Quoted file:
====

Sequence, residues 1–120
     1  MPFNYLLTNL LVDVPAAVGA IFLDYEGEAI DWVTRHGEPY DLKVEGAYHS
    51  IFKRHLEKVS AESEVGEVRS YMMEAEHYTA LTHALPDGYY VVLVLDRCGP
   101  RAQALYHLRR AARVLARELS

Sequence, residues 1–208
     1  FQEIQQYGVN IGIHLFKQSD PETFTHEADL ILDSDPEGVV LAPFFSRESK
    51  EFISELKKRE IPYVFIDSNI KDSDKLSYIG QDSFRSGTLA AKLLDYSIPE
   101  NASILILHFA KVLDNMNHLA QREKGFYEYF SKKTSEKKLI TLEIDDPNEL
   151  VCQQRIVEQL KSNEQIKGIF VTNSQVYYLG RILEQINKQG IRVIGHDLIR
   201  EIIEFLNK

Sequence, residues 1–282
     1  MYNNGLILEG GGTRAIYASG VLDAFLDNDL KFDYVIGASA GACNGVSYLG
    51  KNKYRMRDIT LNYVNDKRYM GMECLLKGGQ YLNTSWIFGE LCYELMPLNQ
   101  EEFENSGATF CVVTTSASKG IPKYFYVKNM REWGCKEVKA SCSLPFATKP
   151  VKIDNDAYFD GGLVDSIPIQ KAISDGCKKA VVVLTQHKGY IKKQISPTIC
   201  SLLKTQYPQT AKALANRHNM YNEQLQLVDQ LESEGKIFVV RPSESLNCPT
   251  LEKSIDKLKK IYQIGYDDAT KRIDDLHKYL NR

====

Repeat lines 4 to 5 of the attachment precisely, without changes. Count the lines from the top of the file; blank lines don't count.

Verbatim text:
   101  RAQALYHLRR AARVLARELS

Sequence, residues 1–208